For much of history, despair often bred despair among the poor. The poor rejected help simply out of depression ab...
For much of history, despair often bred despair among the poor. The poor rejected help simply out of depression about their future. Farmers, for example, might refuse new types of fertilizer even if told it would aid their harvests.
The UN report suggests a possible end to this mental mire, with hope perhaps now breeding on hope.
The UN report finds countries that emphasize investments in social policies _ gender equality, health, and education _ do better in the traditional measure of progress, economic growth. And the most successful developing countries have also been more open to world markets, such as welcoming foreign investment.
While these steps of progress _ from free-trade pacts to water wells, from roads to new seed varieties _ have helped reduce poverty, the overriding effect seems to be an improvement in the poor_s image of themselves as able to use the assets made available to them.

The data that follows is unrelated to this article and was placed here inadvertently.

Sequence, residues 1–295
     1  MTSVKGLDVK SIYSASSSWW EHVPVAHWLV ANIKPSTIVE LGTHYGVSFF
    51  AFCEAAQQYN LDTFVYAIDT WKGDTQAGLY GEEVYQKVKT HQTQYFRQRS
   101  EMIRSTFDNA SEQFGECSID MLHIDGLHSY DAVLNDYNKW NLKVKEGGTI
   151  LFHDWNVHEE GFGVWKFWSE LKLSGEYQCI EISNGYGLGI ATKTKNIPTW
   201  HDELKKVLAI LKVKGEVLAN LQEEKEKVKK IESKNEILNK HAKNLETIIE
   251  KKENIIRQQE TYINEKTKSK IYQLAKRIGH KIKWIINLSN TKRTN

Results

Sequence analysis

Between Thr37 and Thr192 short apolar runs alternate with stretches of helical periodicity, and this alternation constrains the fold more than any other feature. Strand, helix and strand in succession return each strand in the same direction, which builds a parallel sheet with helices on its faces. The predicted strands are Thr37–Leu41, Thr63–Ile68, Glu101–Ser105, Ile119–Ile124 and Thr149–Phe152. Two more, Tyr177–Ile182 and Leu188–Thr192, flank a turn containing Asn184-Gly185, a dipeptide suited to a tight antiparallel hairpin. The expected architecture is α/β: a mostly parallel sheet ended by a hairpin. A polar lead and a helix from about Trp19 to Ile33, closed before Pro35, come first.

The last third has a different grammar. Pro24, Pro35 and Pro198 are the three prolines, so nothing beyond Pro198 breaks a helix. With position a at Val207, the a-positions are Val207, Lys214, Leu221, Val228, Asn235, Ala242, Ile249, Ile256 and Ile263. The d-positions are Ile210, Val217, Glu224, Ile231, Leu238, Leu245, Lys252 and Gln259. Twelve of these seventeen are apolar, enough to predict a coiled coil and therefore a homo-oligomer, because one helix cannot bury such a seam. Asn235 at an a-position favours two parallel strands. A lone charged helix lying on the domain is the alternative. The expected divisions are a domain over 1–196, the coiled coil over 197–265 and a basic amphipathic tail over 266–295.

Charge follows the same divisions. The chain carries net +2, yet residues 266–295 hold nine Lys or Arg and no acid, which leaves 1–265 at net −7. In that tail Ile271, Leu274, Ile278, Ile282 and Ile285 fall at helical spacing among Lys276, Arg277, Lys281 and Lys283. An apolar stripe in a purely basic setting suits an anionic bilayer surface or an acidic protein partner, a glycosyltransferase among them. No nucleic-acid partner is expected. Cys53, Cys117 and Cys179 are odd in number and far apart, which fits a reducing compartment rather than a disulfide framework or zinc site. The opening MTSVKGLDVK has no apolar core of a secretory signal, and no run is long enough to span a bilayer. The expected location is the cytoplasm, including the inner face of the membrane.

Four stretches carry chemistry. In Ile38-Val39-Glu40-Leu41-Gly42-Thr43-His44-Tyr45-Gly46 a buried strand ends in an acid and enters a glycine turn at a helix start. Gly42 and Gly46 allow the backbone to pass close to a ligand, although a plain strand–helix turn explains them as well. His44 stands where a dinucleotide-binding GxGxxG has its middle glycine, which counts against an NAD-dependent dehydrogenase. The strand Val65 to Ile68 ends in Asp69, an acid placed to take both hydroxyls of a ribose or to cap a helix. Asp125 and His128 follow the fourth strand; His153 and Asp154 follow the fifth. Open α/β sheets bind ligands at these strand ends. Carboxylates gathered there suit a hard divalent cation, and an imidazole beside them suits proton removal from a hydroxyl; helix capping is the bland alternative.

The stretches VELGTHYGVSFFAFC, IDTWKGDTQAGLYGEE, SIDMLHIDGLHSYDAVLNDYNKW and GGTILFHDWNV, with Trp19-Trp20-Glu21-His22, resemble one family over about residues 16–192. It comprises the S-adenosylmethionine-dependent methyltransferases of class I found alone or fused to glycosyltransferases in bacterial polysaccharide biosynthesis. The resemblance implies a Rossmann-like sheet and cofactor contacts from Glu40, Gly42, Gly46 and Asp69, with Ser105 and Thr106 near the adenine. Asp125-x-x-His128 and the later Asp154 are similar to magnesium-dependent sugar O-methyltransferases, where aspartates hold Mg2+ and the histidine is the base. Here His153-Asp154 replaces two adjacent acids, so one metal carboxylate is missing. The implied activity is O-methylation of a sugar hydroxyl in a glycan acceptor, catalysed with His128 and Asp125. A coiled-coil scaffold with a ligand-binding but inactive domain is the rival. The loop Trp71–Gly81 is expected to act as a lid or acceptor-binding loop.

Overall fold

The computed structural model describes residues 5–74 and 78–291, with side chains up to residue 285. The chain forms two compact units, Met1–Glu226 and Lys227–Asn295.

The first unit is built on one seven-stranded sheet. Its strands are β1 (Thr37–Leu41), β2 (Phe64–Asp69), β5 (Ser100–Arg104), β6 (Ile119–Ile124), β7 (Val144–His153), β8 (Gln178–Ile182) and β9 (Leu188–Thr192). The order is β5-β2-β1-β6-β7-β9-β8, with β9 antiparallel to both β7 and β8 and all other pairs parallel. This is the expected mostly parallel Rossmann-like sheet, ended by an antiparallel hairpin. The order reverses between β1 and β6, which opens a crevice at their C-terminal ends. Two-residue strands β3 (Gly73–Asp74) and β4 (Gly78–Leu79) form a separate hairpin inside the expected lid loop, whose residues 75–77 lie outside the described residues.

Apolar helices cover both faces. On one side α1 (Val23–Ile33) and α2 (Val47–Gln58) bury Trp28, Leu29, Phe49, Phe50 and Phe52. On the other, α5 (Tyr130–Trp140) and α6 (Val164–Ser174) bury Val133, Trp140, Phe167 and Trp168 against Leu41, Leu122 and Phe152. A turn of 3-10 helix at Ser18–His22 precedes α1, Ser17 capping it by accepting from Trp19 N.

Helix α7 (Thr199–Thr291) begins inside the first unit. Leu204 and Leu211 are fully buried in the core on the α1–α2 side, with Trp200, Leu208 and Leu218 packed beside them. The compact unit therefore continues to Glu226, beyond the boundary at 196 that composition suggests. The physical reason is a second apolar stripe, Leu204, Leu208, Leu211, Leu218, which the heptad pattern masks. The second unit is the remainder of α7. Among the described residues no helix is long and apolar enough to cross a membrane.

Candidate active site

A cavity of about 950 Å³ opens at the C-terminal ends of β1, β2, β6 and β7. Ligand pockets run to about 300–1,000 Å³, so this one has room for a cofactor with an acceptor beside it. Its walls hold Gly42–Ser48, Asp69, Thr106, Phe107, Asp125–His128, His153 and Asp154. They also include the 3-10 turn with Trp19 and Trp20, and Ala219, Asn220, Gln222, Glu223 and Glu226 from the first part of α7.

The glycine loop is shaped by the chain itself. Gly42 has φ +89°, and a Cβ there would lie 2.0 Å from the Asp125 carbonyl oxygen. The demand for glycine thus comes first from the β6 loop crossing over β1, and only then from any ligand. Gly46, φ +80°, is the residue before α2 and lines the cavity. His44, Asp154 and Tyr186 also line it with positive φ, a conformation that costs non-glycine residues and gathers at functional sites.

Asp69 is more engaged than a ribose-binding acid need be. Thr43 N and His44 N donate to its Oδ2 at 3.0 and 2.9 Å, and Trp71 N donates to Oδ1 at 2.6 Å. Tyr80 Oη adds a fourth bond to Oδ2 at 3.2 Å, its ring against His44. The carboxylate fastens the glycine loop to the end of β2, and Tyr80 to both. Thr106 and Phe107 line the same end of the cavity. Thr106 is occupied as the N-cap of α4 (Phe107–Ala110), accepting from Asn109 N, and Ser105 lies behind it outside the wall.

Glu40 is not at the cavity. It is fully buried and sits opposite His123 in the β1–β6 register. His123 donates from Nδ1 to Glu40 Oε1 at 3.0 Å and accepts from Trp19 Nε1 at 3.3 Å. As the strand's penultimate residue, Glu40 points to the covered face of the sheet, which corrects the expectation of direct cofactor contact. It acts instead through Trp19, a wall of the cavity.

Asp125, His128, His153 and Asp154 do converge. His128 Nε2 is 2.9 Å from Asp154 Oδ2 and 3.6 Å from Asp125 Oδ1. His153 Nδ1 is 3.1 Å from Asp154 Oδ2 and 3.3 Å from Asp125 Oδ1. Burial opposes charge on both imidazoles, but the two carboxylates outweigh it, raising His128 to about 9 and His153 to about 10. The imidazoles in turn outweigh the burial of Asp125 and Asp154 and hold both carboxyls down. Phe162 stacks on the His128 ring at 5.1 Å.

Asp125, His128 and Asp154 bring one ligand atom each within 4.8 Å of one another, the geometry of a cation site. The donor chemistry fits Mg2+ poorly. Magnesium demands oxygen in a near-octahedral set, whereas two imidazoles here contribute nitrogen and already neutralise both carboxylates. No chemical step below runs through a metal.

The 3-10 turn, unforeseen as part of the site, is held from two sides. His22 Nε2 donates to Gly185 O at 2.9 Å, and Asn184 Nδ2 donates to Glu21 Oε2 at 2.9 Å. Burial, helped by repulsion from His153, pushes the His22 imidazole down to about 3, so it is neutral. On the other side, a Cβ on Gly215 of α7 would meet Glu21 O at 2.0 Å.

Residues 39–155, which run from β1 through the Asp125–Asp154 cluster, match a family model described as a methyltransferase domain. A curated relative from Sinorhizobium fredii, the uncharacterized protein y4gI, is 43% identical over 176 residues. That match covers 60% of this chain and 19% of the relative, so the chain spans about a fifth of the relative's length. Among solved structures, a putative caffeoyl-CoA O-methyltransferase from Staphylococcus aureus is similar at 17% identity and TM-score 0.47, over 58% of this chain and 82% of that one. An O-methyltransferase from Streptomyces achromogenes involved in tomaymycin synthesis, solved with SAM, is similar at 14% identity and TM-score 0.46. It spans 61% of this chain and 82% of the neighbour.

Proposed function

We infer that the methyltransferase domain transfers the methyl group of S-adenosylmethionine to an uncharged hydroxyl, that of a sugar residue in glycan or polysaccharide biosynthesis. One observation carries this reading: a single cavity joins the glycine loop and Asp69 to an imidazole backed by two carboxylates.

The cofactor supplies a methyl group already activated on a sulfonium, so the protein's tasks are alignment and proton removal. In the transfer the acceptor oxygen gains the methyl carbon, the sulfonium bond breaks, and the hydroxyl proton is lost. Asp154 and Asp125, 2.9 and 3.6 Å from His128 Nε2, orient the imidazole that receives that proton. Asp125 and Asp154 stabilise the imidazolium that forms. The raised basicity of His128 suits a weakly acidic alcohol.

Optimism alone, however, doesn_t provide certainty of progress. In fact, the UN report also warns that climate change could disrupt recent gains. And resentment over income inequalities could disrupt many societies.
The report is well-timed as the world_s attention turns to a new Roman Catholic pope, Francis, who is noted for setting an example of siding with the poor by his humble lifestyle as the church_s leader in the capital of Argentina.
Each generation must challenge the frozen attitudes of its time. Based on this latest UN report, perhaps humanity is challenging the notion of poverty as hopelessly inevitable.